Editorial: Ballot measures are no pla...

Editorial: Ballot measures are no place for discrimination

There are 3 comments on the www.lebanon-express.com story from Aug 20, 2008, titled Editorial: Ballot measures are no place for discrimination. In it, www.lebanon-express.com reports that:

Failed initiatives had unwelcome echoes of the past Oregonians can be thankful that groups pushing to overturn the state's civil union and anti-discrimination laws failed to qualify their initiatives for the ...

Join the discussion below, or Read more at www.lebanon-express.com.

Since: Aug 08

Location hidden

#2 Aug 20, 2008
I'm proud to be an Oregonian.
:D

“I Am What I Am”

Since: Sep 07

Palm Springs

#3 Aug 20, 2008
LOL wrote:
Why do we keep getting Spammed with this same sort of refuted nonsense?
Look who's talking ...
Jesus is a Liberal

Tampa, FL

#4 Aug 20, 2008
On an international scale, the most comprehensive study to date on the effect of same-sex marriage / partnership on heterosexual marriage and divorce rates was conducted looking at over 15 years of data from the Scandinavian countries. The study (later part of a book), by researcher Darren Spedale, found that, 15 years after Denmark had granted same-sex couples the rights of marriage, rates of heterosexual marriage in those countries had gone up, and rates of heterosexual divorce had gone down - contradicting the concept that same-sex marriage would have a negative effect on traditional marriage.[71]

All U.S. states submit monthly summaries of vital statistics on births, deaths, marriages, and divorces to the U.S. Center For Disease Control's National Center For Health Statistics (NCHS) who then prepares monthly and yearly reports. The following statistics are based on that NCHS material. Over three years have passed now since same-sex marriage was legalized in Massachusetts and data from all of 2004 and 2005 are now available.

The current divorce trends in Massachusetts counter claims of same-sex marriage having a negative impact on traditional marriage. In fact, for several years now the Commonwealth has had the lowest divorce rate of any state in the union, coupled with near-bottom marriage rates. In 2004 the Massachusetts divorce rate, at 2.2 per 1,000 residents per year, was considerably lower than the U.S. national average rate for that year, 3.8 per 1,000 and close to the national average of 2.0 back in 1940. Massachusetts also has low marriage rates, though: in 2003, when no same-sex marriages were allowed, only 5.6 of each 1000 people did so, making the state 48th in the nation. In 2004, with the allowance of same-sex marriages, the overall marriage rate jumped to 6.5 per 1000.[72] In the first two years of same-sex marriage in the Bay State, the rate of divorce declined, making it likely that Massachusetts will continue to have the lowest divorce rate in the nation.[73]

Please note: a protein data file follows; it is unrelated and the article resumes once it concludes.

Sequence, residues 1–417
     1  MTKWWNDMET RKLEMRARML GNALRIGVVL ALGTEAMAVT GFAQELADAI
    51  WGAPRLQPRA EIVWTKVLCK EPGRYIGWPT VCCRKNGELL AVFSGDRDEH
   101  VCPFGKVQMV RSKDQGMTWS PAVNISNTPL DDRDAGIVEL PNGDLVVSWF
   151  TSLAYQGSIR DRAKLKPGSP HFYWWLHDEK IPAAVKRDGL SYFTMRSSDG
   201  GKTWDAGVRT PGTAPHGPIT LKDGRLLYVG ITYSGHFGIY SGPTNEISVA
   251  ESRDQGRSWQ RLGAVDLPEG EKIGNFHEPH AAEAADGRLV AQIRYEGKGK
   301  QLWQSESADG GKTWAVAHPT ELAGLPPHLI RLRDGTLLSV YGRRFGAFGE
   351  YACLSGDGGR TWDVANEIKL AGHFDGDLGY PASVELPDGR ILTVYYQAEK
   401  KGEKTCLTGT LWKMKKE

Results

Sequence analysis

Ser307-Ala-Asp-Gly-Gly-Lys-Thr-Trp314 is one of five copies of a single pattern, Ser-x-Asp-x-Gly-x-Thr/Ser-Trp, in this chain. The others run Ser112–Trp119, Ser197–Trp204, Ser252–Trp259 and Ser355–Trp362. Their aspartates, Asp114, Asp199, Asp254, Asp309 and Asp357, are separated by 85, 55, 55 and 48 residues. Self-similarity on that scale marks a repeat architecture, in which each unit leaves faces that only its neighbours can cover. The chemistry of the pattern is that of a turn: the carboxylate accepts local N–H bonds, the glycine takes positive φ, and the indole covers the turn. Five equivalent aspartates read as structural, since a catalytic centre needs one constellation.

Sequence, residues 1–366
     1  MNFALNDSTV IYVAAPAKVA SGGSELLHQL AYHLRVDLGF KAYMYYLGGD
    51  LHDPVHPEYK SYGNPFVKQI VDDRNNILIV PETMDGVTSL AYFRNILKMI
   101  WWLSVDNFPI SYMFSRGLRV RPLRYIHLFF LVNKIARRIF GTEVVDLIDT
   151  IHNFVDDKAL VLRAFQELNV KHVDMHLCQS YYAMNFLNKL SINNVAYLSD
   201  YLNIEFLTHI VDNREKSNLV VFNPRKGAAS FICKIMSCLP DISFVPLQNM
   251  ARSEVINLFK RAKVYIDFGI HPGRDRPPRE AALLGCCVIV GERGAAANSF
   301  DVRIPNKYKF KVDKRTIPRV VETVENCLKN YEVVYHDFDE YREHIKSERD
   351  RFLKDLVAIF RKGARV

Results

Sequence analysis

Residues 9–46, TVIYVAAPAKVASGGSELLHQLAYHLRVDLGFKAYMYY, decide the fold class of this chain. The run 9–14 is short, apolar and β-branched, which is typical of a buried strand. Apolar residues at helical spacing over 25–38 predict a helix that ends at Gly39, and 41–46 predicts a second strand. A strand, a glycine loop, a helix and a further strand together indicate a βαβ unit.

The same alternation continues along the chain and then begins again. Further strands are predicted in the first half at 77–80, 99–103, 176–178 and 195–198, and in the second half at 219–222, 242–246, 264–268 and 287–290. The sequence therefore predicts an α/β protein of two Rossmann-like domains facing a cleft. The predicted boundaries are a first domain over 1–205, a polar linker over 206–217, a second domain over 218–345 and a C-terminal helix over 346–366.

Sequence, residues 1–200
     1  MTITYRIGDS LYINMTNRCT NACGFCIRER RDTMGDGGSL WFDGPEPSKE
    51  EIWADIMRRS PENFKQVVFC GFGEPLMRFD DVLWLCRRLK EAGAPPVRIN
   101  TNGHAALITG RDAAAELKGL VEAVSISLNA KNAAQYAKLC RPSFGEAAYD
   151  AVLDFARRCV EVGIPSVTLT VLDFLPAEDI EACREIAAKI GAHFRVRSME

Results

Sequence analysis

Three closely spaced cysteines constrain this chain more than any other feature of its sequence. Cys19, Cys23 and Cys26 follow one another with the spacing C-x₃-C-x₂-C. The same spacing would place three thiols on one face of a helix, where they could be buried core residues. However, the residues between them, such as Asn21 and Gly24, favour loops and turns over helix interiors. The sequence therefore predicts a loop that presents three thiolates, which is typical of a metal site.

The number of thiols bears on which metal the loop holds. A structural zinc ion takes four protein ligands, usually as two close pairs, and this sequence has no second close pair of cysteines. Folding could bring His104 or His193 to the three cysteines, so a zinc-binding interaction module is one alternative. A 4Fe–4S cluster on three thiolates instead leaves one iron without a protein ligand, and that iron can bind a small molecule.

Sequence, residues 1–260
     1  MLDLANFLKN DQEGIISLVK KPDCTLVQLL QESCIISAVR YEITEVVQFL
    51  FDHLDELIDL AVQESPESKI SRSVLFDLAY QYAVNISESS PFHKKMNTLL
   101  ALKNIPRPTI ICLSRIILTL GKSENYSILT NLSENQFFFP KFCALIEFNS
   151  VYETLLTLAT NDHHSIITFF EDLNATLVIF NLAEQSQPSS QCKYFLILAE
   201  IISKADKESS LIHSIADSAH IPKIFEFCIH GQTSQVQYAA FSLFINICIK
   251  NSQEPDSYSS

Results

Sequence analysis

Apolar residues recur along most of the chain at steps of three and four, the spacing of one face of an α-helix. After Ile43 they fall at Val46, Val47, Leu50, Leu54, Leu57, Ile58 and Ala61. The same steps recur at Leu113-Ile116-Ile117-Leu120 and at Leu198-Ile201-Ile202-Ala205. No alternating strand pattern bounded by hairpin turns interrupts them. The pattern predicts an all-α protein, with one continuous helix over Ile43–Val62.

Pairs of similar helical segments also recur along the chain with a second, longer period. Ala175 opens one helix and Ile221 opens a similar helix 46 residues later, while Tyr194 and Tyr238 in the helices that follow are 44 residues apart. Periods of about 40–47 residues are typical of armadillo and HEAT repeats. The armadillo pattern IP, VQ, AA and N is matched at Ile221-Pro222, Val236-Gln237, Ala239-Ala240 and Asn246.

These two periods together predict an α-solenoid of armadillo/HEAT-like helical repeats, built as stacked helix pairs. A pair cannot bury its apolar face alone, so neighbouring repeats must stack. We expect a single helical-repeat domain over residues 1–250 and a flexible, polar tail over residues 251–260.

States which have taken aggressive action against same-sex marriage have not done nearly as well during the two year period of legal same-sex marriage in Massachusetts. The preliminary data from 2004 and 2005—from the 17 U.S. states which have provided data on divorce for 2004 and 2005 and whose voters also passed state constitutional amendments prohibiting same-sex marriage—presents a striking picture: the group of U.S. states arguably most hostile to divorce, those which have passed both state laws and also state constitutional amendments prohibiting same-sex marriage, lag dramatically in terms of divorce rate improvement when compared to same-sex marriage-friendly states.[74]

Among those U.S. states that are most opposed to same-sex marriage which have also provided divorce data for the time period — Arkansas, Kansas, Kentucky, Michigan, Mississippi, Missouri, Nebraska, Nevada, North Dakota, Ohio, Oklahoma, Oregon, Utah, Texas — the average divorce rate (unadjusted for population changes) for 2004 and 2005 increased 1.75%. This group contains 4 of the 5 states with the highest divorce rate increases in the U.S. during 2004 and the first 11 months of 2005.

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